João Paulo A. Silva & Solange Inês Mussatto & Inês C. Roberto

Size: px
Start display at page:

Download "João Paulo A. Silva & Solange Inês Mussatto & Inês C. Roberto"

Transcription

1 Appl Biochem Biotechnol (2010) 162: DOI /s The Influence of Initial Xylose Concentration, Agitation, and Aeration on Ethanol Production by Pichia stipitis from Rice Straw Hemicellulosic Hydrolysate João Paulo A. Silva & Solange Inês Mussatto & Inês C. Roberto Received: 16 September 2009 / Accepted: 9 November 2009 / Published online: 28 November 2009 # Springer Science+Business Media, LLC 2009 Abstract Rice straw hemicellulosic hydrolysate was used as fermentation medium for ethanol production by Pichia stipitis NRRL Y Shaking bath experiments were initially performed aiming to establish the best initial xylose concentration to be used in this bioconversion process. In the sequence, assays were carried out under different agitation (100 to 200 rpm) and aeration (V flask /V medium ratio varying from 2.5 to 5.0) conditions, and the influence of these variables on the fermentative parameters values (ethanol yield factor, Y P/S ; cell yield factor, Y X/S ; and ethanol volumetric productivity, Q P ) was investigated through a 2 2 full-factorial design. Initial xylose concentration of about 50 g/l was the most suitable for the development of this process, since the yeast was able to convert substrate in product with high efficiency. The factorial design assays showed a strong influence of both process variables in all the evaluated responses. The agitation and aeration increase caused a deviation in the yeast metabolism from ethanol to biomass production. The best results (Y P/S = 0.37 g/g and Q P =0.39 g/l.h) were found when the lowest aeration (2.5 V flask /V medium ratio) and highest agitation (200 rpm) levels were employed. Under this condition, a process efficiency of 72.5% was achieved. These results demonstrated that the establishment of adequate conditions of aeration is of great relevance to improve the ethanol production from xylose by Pichia stipitis, using rice straw hemicellulosic hydrolysate as fermentation medium. Keywords Ethanol. Fermentation. Hemicellulosic hydrolysate. Pichia stipitis. Rice straw J. P. A. Silva : I. C. Roberto Department of Biotechnology, Engineering College of Lorena, University of São Paulo, Estrada Municipal do Campinho s/n, Lorena, SP, Brazil S. I. Mussatto (*) IBB Institute for Biotechnology and Bioengineering, Centre of Biological Engineering, University of Minho, Campus de Gualtar, Braga, Portugal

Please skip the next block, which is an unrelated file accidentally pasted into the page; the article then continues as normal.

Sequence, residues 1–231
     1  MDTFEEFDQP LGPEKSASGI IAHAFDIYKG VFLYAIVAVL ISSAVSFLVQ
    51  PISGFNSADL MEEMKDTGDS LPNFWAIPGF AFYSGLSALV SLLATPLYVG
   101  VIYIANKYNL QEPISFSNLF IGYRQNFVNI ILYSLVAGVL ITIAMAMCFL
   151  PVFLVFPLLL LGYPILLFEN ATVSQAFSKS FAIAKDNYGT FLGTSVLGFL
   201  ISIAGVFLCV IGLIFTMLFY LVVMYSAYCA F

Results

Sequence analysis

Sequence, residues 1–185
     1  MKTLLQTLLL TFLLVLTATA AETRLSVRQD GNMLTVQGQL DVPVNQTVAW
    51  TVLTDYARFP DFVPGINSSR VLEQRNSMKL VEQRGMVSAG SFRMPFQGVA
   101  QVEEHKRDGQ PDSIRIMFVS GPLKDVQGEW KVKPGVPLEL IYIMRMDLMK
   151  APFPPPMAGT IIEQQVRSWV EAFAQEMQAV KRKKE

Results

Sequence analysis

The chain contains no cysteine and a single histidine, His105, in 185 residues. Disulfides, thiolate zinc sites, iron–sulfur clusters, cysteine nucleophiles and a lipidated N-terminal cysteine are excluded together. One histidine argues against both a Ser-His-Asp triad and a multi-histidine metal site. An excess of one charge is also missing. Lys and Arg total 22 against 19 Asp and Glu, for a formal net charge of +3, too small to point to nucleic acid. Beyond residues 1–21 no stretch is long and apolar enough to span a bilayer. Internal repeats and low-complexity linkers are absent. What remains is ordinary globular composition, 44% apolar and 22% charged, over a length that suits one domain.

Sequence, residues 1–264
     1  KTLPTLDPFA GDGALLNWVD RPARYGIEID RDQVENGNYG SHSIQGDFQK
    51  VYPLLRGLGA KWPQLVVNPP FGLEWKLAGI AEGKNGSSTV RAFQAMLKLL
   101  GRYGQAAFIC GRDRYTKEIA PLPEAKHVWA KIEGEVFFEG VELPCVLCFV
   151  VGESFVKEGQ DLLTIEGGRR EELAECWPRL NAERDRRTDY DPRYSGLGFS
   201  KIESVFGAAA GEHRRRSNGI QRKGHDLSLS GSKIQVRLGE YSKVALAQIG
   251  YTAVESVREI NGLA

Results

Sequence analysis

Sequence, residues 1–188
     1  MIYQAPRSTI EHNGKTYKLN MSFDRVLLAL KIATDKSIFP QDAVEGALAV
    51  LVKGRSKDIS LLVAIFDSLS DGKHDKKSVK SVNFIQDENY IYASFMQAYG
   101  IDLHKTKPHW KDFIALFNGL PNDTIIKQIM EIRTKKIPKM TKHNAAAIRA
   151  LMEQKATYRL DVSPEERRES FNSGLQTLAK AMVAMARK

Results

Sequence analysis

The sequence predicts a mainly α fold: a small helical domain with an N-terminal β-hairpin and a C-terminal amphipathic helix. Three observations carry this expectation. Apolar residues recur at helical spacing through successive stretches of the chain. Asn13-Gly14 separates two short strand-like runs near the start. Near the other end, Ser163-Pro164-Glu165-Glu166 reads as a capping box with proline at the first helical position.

2 Appl Biochem Biotechnol (2010) 162: Introduction Bioethanol production has gained large importance in the last few years due to the increased concern for depleting oil reserves, rising crude oil prices, and greenhouse effect [1, 2]. Besides to be a renewable energy source, ethanol has other important advantages when compared with gasoline since it is an oxygenated fuel (contains 35% oxygen), and therefore, the emission of NOx and particulate materials from its combustion is lower [3]. Currently, sugarcane, cornstarch, and sugar beet are the main raw materials used for ethanol production by fermentation [4]. Nevertheless, all these products have great use as food, and thus, it is of interest to find new alternative raw materials for this biocombustible production. Ethanol production from lignocellulose is very attractive because of its low cost and abundance, and non-competition with foodstuffs [5]. Lignocellulosic forestry and agricultural wastes, such as corn stover, rice straw, sugarcane bagasse, wheat straw, rice hull, corncobs, oat hull, corn fiber, woodchip, and cotton stalk have been considered attractive raw materials for ethanol production [2]. Hemicellulose, which is one of the three major components of lignocellulosic biomass together with cellulose and lignin, can be easily hydrolyzed to monomeric sugars under mild conditions [6]. Xylose is the main sugar obtained by hydrolysis of this fraction, and its bioconversion is an important step in the use of lignocellulosic materials. In this sense, the ability of microorganisms to produce ethanol from xylose has been investigated by many researchers [7 9] since Saccharomyces cerevisiae, the most commonly used ethanol producer microorganism, cannot ferment pentoses [2]. In a recent review, Pichia stipitis has been described as the most promising naturally occurring C 5 fermenting microorganism [10]; in addition, this yeast is also able of transforming both pentoses and hexoses into ethanol [11] thatisan important advantage since both kinds of sugars are currently found in lignocellulosic hydrolysates. The environmental parameters and composition of the culture medium are important factors affecting the bioconversion process productivity [12]. According to du-preez [13], aeration is the most important environmental factor in xylose fermentation by yeasts, since it determines the partitioning of the carbon flow substrate between growth and product formation. In fact, Taniguchi et al. [14] reported that P. stipitis CBS 5773 consumed an insignificant amount of xylose and did not produce ethanol from xylose under anaerobic conditions. Nigam [15] also verified slow xylose consumption by P. stipitis NRRL Y-7124 under low aeration conditions ( 1 mmol O 2 /l.h); however, excessive aeration supply (5 mmol O 2 /l.h) was also not suitable for the process, causing a reduction in the ethanol production. Therefore, the establishment of a suitable aeration level is of great importance to achieve high xylose conversion to ethanol. Due to the above reasons, the present study aimed to evaluate the influence of initial xylose concentration, agitation and aeration on ethanol production by P. stipitis NRRL Y-7124, from rice straw hemicellulosic hydrolysate. Although several works on ethanol production by P. stipitis have been published, the research reported in this study deals with the ethanol production from rice straw hemicellulosic hydrolysate, which consists in an attractive source of sugars and nutrients for fermentative processes [16] and has been few explored for ethanol production by P. stipitis. The best experimental condition to perform this bioconversion process was established by using statistical tools.